By Kate “One Take Kate” Taylor
|Image via: Mr Leon Taylor|
Welcome to Interstellar…One Take Kate’s best film of 2014. No kidding! The supreme badassery of Christopher and Jonathan Nolan’s expansive space thriller has completely obliterated my memory of anything else I’ve seen this year…it’s that good. Interstellar is intense and intricate; a must see movie for any space or science enthusiasts. Team Nolan again recruit an ensemble of first class acting talent led by the ever-increasingly excellent Matthew Mcconaughey as Cooper; with Anne Hathaway, Jessica Chastain, Michael Caine, John Lithgow and Casey Affleck in the mix as well. Emotionally and visually gripping, Interstellar delivers on so many levels and seeing it in IMAX adds an incredible ‘real time’ element to the thrilling action. I’m a pretty active film viewer at the best of times, but this sublime space and time flick had me thrashing in my seat! I don’t want to give away too much about the narrative of Interstellar but it’s essentially a family story, what we do and build as families and how this effects the world around us.
You can trust that this is an ambitious outing for one of the most boundary pushing blockbuster directors of the moment; and it’s bound to draw a load of mixed opinions from the movie going public. Resist the temptations to cry ‘far-fetched’ or ‘Pfft, Nolan’s trying to do 2001‘ because honestly, we should be thankful that the film making community push themselves to create and innovate for us to this level. Interstellar is a beautifully created, very stern cautionary tale that encourages us to prioritise climate change and sustainable food production NOW…and I couldn’t agree more. Especially as the Brothers Nolan present us with a possible Earth’s fate, when we visit the terrifying planet, Miller. Oh lawdy…that’s the stuff of nightmares right there. It’s intense, intricate and layered with semiotic goodness for all the film theory scholars in the audience with a few Inception and moon landing conspiracy Easter eggs in there too. Our fate as a species; the concept of love used as a compass and the bitter battle of the human condition are huge themes to throw around, yet Interstellar handles them all respectfully and in an impactful way. See it.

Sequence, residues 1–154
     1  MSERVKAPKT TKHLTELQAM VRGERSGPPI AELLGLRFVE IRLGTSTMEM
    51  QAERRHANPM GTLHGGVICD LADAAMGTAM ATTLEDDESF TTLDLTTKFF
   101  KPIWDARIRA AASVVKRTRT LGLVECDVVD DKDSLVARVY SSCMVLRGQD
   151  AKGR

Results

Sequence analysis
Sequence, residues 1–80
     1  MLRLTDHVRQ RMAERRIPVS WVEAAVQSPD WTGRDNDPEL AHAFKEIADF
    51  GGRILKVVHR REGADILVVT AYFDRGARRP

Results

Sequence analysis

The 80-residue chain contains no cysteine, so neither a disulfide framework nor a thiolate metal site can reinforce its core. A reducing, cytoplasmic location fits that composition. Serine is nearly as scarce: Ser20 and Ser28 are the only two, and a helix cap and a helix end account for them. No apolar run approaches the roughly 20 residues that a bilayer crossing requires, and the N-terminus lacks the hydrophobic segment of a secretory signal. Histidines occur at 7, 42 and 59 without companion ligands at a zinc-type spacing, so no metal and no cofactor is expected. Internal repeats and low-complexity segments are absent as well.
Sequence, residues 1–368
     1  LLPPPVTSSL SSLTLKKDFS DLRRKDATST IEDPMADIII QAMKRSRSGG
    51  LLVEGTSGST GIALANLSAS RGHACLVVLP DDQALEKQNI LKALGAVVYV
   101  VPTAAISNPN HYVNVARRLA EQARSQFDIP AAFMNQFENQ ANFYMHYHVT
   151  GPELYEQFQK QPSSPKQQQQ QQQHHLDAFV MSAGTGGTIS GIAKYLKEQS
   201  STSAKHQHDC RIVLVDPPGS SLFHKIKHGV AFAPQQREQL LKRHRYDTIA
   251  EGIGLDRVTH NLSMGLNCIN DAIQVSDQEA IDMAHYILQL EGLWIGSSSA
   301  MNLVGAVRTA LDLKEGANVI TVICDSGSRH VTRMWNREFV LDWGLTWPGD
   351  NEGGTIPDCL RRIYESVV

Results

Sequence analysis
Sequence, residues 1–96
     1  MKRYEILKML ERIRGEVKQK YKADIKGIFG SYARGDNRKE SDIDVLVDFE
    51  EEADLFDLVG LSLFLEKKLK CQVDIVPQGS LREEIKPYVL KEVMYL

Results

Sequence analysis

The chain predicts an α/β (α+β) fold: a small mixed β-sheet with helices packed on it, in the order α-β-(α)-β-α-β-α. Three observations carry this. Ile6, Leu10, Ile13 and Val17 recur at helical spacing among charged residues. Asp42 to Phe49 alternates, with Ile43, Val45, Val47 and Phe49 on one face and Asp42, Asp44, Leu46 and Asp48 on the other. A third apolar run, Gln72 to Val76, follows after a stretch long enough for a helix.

Academic area: Screen time vs Narrative time. Woo! This is a mighty big film! Just as Christopher and Jonathan Nolan played with narrative and screen time in Memento and Inception; The Nolans go to town on space time and relativity in Interstellar; the impact of light years and the duration of space travel are laid out as simply as possible; and once understood, bolster the intense emotional or human sacrifices made by the characters. In screen time vs narrative time we’re talking about: the screen time being the roughly 2 hours and 57 minutes of running time you’ll be sitting in the cinema to watch Interstellar. Whereas narrative time is the expanse of time covered by the story of the film and the events that happen to the characters. Need an example? Die Hard. This is a great example of screen and narrative time being the same length, there might be the compression of a few hours as McClane terrorises the terrorists but essentially it’s in ‘real time’ with dialogue references to past and future events, flashbacks count as ‘real time’ as they are being remembered by someone in narrative and screen time. Interstellar covers as little as 40 and as many as hundreds of years in narrative time within it’s nearly three hours. The trick is to try and keep in mind the narrative time plus the time relativity the characters are experiencing, plus the screen time to enjoy the full effect The Nolans are looking to achieve. Like Inception and the time distortion between the ‘levels’ of sleep, it’s good to keep these things in mind as the fearless Cooper traipses from planet to planet looking for our new home.